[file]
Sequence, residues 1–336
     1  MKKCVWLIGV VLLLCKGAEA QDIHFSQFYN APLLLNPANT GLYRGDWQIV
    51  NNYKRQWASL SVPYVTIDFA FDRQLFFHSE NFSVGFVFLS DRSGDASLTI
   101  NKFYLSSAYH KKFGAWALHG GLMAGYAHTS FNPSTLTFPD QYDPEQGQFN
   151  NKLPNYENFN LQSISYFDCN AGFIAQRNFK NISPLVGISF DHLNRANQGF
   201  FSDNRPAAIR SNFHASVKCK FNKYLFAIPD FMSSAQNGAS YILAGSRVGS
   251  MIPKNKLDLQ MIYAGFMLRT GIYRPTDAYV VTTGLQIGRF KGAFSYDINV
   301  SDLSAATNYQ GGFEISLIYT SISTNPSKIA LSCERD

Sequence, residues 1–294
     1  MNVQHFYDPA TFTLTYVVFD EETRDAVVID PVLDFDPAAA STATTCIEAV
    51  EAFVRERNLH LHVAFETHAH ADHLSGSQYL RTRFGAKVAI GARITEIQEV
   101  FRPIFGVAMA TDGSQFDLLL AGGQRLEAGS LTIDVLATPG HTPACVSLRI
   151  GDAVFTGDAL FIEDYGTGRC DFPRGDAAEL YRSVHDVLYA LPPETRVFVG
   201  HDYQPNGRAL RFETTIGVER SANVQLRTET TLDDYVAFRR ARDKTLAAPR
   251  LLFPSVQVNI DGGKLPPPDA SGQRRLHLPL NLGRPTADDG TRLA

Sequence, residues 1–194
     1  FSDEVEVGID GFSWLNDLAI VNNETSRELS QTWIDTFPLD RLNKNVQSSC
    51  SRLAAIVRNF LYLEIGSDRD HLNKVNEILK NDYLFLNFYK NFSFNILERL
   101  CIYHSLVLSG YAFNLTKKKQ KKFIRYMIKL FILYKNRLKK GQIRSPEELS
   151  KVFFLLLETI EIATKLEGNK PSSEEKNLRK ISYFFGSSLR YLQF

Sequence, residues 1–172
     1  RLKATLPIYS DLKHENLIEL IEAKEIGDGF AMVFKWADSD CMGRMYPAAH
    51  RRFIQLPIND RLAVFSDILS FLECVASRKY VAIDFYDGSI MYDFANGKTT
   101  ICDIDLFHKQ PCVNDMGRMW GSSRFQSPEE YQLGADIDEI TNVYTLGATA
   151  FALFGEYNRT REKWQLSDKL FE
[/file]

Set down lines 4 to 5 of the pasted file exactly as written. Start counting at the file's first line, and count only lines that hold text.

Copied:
   101  NKFYLSSAYH KKFGAWALHG GLMAGYAHTS FNPSTLTFPD QYDPEQGQFN
   151  NKLPNYENFN LQSISYFDCN AGFIAQRNFK NISPLVGISF DHLNRANQGF